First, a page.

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I am somewhat confused about the separation of tasks between a lexer and a parser.

I'm trying to write a parser which takes Perl-style regular expression and builds a syntax tree. My problem is recognizing quantifiers such as {n,m}, which means that the preceeding group or character or character class should occur at least n, but not more than m times.

The point is that a incomplete/invalid quantifier such as {2,5asdf} is not a quantifier, but a group of regular characters.

The question is: Given the input /a{2,5}/, should a lexer return a list of tokes such as DELIMITER CHARACTER QUANTIFIER_START NUMBER COMMA NUMBER QUANTIFIER_END DELIMITER END (the problem being that the QUANTIFIER_START may not be a "real" start of a quantifier, depending on what follows), or should it try to match the complete quantifier and just return QUANTIFIER, which intuitively sounds more like a task for a parser?

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1 Answer 1

Using a tool where the lexer and parser are separated, there's usually little room for you to change tokens during lexing. The lexer usually operates independently from the parser, and making lexing context sensitive is, if possible, hacky (you might want to Google for PEG, or scannerless parsing, where there's no real separation between lexing and parsing).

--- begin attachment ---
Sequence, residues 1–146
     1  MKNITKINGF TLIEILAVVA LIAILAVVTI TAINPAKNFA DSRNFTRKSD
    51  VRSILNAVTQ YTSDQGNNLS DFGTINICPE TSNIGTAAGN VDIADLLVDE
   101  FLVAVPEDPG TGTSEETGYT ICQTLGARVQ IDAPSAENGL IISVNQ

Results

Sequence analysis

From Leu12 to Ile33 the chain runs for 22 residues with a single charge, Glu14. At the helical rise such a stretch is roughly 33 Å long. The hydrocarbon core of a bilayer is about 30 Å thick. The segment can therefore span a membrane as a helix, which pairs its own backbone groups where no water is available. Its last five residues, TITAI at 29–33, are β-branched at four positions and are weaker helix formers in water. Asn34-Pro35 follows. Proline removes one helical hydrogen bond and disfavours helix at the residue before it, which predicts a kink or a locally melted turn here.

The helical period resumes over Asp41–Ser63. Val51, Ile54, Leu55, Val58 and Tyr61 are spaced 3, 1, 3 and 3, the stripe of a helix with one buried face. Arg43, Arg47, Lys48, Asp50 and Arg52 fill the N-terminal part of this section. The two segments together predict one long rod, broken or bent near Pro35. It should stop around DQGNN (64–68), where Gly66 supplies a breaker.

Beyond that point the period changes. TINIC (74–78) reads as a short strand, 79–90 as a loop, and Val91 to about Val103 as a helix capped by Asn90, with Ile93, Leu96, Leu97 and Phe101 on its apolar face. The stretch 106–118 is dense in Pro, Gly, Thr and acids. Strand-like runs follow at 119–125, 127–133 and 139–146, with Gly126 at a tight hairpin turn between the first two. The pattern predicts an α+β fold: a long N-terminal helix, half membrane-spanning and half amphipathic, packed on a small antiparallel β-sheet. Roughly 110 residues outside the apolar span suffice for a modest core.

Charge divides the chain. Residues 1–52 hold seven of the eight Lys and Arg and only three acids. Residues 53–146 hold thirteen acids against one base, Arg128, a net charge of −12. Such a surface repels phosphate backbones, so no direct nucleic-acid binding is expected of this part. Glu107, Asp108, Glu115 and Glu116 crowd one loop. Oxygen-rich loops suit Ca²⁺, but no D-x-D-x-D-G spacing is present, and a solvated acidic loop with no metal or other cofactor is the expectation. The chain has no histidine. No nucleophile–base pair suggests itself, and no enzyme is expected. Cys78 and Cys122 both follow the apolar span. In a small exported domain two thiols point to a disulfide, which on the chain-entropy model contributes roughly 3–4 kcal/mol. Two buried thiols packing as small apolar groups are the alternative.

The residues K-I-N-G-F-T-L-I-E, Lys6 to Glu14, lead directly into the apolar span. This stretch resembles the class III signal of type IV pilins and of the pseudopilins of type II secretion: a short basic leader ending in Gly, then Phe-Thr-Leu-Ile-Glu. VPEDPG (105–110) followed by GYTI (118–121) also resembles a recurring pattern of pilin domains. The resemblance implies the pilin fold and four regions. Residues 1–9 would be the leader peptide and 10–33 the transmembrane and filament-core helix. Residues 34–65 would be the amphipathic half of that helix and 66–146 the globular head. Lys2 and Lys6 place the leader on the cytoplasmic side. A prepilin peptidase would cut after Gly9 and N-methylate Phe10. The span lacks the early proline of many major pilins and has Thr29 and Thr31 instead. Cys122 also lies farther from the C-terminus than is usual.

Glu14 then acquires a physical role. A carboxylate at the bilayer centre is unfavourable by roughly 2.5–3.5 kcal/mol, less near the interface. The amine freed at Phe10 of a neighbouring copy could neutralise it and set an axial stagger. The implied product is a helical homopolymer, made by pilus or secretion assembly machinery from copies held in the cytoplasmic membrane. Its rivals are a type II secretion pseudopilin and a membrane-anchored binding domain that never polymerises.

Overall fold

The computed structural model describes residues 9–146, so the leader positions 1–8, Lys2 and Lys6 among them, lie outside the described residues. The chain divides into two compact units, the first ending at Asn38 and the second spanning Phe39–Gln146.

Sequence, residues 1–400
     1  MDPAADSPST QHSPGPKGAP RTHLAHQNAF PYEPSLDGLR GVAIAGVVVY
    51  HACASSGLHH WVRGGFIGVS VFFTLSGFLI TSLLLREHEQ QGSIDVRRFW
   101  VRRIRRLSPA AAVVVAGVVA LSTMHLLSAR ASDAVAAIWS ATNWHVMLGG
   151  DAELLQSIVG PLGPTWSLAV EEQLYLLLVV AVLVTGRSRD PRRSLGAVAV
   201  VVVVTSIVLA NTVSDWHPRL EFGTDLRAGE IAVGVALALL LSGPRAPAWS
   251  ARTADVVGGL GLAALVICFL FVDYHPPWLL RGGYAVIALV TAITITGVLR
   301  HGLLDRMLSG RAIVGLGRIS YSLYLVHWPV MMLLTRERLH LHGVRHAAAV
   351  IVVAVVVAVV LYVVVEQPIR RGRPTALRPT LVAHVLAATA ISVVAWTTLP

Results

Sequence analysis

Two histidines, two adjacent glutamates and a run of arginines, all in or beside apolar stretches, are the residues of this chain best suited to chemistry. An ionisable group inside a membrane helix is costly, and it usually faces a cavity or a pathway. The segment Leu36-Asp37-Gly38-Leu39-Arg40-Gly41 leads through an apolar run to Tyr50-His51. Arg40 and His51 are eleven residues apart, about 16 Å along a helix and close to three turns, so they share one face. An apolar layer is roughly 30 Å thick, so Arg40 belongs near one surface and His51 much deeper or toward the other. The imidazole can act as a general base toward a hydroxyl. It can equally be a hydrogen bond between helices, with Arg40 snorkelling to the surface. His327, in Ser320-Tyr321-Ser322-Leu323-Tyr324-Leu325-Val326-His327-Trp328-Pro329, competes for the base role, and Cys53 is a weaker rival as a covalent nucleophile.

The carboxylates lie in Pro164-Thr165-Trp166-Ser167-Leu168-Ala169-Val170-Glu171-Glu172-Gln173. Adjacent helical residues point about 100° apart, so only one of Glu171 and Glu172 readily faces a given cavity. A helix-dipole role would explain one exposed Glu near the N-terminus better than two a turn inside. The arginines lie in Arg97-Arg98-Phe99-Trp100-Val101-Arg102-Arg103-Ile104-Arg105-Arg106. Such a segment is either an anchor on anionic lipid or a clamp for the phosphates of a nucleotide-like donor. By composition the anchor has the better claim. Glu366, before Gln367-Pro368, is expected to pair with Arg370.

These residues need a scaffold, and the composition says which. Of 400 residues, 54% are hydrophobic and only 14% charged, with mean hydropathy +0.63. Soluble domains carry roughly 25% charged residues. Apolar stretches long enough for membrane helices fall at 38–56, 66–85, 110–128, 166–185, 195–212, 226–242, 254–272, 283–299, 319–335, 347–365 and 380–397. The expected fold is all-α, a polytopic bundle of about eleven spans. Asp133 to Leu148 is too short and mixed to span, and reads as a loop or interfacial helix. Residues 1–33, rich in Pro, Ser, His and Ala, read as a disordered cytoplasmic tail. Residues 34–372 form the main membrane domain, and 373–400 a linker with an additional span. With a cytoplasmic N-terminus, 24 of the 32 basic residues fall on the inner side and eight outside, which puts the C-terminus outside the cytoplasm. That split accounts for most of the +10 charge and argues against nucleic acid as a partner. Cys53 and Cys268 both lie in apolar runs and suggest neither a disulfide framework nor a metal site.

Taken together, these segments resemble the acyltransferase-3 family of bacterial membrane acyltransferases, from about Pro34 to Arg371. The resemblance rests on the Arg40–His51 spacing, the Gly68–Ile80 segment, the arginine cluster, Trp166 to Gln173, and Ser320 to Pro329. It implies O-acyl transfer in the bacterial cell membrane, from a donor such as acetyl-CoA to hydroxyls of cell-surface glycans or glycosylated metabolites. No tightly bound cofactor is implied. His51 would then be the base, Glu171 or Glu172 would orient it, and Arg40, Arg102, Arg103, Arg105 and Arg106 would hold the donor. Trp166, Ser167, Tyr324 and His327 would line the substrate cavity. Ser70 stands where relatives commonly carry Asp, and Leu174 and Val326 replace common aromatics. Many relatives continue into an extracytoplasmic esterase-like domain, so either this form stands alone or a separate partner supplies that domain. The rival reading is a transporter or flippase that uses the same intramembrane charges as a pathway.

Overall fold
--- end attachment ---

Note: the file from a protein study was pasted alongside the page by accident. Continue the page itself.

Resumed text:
However, it all depends on the tool you're using. I've create a PCRE parser using ANTLR that makes use of backtracking if a parse fails. So, if after parsing {2,5a it fails to construct a quantifier (the a is invalid), the parser will backtrack to "{" and make a LITERAL token from this char and will then continue. At the cost of a bit of RAM, I enabled memoization causing the parser to still perform well on large inputs.

It parses X{2,5asdf} as:

   |  '- LITERAL='X'
   |  '- LITERAL='{'
   |  '- LITERAL='2'
   |  '- LITERAL=','
   |  '- LITERAL='5'
   |  '- LITERAL='a'
   |  '- LITERAL='s'
   |  '- LITERAL='d'
   |  '- LITERAL='f'
      '- LITERAL='}'

and X{2,5} as:

      |- LITERAL='X'
         |- NUMBER='2'
         |- NUMBER='5'
         '- GREEDY

You can play around with the parser here: http://pcreparser.appspot.com/

The ANTLR grammar can be found here: https://github.com/bkiers/PCREParser/blob/master/src/grammar/PCRE.g

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